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Portability of glob function in a modern perl

by ccn (Vicar)
on Aug 12, 2005 at 07:56 UTC ( #483202=perlquestion: print w/ replies, xml ) Need Help??
ccn has asked for the wisdom of the Perl Monks concerning the following question:

perl-5.004_04 documentation states:
glob EXPR glob Returns the value of EXPR with filename expansions such as a shell would do. This is the internal function implementing the <*.c> operator, but you can use it directly. If EXPR is omitted, $_ is used. The <*.c> operator is discussed in more detail in I/O Operators.
perl 5.8.7 documentation states:
# glob EXPR # glob In list context, returns a (possibly empty) list of filename expansions on the value of EXPR such as the standard Unix shell /bin/csh would do. In scalar context, glob iterates through such filename expansions, returning undef when the list is exhausted. This is the internal function implementing the <*.c> operator, but you can use it directly. If EXPR is omitted, $_ is used. The <*.c> operator is discussed in more detail in "I/O Operators" in perlop.

I highlighted with bold the changes what I am interested for.

Do those changes mean that glob became portable?

Comment on Portability of glob function in a modern perl
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Re: Portability of glob function in a modern perl
by Corion (Pope) on Aug 12, 2005 at 07:59 UTC

    It became "portable" in the sense that it behaves in its broken way everywhere, regardless of what shell is installed now, because the functionality was moved into Perl.

    It is quite common for Perl scripts using glob to break on Win32 because the author could not imagine that whitespace is a thing that happens in filenames and directories. So for anything but trivial hacks, File::Find or File::Find::Rule are to be preferred over glob.

      I don't see the problem with glob and whitespace in filenames. As long as the user understands that glob uses csh rules and escapes whitespace appropriately, it works the same in Windows and in Unix.

      Added: Thanks for the examples, now I see what you mean (I've made the same mistakes in the past!).

        A quick search through CPAN (provided by http://cpansearch.bulknews.net/) provides me with following ugly usages of glob that will not work for quoted spaces in the path, as the path is otherwise used for directly constructed filenames too:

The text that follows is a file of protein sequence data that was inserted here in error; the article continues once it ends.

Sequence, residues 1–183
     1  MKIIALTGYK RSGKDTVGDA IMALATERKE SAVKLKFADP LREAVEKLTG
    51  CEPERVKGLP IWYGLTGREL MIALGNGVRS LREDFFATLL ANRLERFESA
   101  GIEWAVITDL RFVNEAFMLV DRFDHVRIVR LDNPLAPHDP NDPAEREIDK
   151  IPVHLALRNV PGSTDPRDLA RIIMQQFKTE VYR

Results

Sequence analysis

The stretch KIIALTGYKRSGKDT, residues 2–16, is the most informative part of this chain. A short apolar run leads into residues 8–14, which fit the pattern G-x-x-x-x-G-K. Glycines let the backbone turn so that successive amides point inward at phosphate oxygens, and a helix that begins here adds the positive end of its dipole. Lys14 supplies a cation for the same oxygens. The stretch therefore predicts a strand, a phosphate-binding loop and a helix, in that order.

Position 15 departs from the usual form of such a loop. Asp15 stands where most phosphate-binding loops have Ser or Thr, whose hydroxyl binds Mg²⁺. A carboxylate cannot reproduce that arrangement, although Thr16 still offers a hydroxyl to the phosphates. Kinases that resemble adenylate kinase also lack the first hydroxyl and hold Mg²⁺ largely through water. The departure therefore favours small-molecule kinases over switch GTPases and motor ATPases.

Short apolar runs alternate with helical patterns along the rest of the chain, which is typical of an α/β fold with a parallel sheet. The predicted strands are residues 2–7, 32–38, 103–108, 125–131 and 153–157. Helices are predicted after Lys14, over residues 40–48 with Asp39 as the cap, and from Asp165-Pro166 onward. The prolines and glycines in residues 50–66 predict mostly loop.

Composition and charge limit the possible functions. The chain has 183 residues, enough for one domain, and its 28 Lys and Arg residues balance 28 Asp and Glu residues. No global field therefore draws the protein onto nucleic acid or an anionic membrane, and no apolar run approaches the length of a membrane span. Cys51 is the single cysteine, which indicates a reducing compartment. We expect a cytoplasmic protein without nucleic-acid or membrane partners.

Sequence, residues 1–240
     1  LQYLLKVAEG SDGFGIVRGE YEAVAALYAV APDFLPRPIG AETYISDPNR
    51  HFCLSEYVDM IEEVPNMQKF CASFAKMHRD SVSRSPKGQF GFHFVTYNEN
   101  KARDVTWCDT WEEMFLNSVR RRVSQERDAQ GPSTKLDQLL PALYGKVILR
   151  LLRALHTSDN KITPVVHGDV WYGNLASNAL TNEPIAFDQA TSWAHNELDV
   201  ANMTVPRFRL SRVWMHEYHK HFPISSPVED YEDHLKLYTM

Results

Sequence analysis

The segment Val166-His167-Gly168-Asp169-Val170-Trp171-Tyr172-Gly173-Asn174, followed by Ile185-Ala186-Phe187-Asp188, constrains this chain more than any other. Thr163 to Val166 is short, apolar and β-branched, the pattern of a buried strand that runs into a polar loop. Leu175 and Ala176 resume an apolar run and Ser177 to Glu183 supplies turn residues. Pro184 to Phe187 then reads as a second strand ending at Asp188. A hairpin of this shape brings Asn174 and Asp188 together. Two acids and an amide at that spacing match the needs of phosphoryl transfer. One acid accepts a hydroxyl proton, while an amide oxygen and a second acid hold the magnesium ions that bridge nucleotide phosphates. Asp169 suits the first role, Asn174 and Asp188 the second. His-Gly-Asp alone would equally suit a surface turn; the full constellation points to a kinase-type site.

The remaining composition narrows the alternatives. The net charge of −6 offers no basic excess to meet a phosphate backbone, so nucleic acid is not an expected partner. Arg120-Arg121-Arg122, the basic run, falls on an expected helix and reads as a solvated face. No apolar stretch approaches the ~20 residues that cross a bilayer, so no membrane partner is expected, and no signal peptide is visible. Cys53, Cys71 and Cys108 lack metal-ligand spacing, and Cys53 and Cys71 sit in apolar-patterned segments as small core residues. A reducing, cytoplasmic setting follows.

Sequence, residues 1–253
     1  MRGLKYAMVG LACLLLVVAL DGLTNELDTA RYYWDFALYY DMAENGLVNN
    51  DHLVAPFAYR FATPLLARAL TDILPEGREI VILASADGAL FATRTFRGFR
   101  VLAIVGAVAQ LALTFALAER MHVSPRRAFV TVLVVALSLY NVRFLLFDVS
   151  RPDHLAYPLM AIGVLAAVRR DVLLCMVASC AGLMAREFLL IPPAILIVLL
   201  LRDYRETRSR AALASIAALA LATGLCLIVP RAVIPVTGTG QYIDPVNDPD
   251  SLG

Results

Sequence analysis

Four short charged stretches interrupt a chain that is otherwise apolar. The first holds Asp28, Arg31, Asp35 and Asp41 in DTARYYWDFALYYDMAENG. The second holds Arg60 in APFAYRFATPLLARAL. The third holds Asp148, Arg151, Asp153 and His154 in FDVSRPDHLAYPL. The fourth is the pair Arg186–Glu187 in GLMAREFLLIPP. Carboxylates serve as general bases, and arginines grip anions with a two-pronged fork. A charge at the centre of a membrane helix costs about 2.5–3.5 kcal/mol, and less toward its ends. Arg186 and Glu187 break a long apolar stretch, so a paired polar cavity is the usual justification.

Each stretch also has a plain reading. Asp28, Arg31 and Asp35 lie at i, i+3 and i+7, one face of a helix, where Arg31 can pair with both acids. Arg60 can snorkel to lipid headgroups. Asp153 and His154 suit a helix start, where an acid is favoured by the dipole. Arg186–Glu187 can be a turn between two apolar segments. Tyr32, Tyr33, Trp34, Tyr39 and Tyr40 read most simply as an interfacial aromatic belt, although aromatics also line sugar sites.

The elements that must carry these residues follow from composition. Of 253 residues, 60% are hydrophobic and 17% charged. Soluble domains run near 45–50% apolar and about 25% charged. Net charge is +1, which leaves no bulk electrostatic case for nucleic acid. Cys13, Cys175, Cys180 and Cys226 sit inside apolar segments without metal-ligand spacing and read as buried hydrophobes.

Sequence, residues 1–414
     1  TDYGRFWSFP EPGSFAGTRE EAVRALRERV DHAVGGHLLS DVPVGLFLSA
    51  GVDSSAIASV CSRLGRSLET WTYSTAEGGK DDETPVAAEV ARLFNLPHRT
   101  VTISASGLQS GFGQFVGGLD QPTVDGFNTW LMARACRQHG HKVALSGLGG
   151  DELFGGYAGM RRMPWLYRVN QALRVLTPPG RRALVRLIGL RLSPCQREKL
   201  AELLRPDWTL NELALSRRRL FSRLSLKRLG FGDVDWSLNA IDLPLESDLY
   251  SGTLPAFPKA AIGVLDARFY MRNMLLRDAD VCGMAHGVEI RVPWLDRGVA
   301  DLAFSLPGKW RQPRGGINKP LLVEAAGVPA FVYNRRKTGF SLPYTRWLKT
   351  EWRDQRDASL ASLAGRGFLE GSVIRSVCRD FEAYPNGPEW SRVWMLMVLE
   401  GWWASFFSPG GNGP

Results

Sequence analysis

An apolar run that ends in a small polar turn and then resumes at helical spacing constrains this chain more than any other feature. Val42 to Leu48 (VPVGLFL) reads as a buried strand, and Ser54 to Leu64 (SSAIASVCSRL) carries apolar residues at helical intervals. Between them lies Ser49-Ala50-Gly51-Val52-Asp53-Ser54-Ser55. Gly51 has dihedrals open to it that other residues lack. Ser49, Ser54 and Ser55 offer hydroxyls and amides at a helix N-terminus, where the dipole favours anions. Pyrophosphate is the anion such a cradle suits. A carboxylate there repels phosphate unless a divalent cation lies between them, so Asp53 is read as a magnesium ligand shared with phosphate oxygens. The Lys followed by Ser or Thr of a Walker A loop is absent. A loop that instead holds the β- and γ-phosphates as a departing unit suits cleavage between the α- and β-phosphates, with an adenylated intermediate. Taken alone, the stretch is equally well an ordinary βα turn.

Mac::iPod::GNUPod

        ... my $path = File::Spec->catdir($self->{mnt}, @path); ... # and $self->add_song(glob(File::Spec->catpath($self->{mnt}, "iPod_Control +", "Music", "*", "*")));

        ($self->{mnt} is supposed to be the mount point of the iPod)

        Mail::Action::Role::Purge

        my $dir = $self->storage_dir; ... my @files = map { scalar( s/\.$extension//, basename $_) } glob("$dir/*.$extension");

        ($self->storage_dir is supposed to be the directory for storage, unquoted)

        CDDB::Fake

        ... foreach my $dir ( @ARGV ) { unless ( -d $dir ) { warn("$dir: not a directory -- skipped\n"); next; } ... my @files = sort map { $1 if /([^\/]+)\.mp3$/ } glob("$dir/[0-9]*.mp +3");

        Same as above

        I stopped here, on page three of the results (when searching for glob).In short, a directory and it's glob-safe quoted string are not usable interchangeably, and thus will lead to problems with the authors that can't imagine/foresee whitespace in filenames.

        As an aside, the cpansearch doesn't seem to like searching for "glob(", which would exclude a lot of "typeglob" results.

      Does using File::Glob::bsd_glob() instead solve the spaces issue? Or are there other traps?

        No - for the cases where I use glob, I always have use File::Glob qw(bsd_glob); at the top of my script. When using glob, bsd_glob is the sane and safe way.

Re: Portability of glob function in a modern perl
by ambrus (Abbot) on Aug 12, 2005 at 08:36 UTC

    perlop of perl 5.004_05 specifically mentions that it calls csh.

    Thus, the difference is not what kind of shell is concerned, but the fact that newer perls do not call the shell, just emulate it, while older perls really call it.

      I wonder how the perl can call csh on Windows? I thought that oldest perls just call default shell for the platform where they are running. The older perls emulate default shell. Modern perl emulates standard csh.

        Read the section about glob in the perldoc perlport of older perl versions if you are interested in these details.

Re: Portability of glob function in a modern perl
by Anonymous Monk on Aug 12, 2005 at 08:47 UTC
    What does perlport say?

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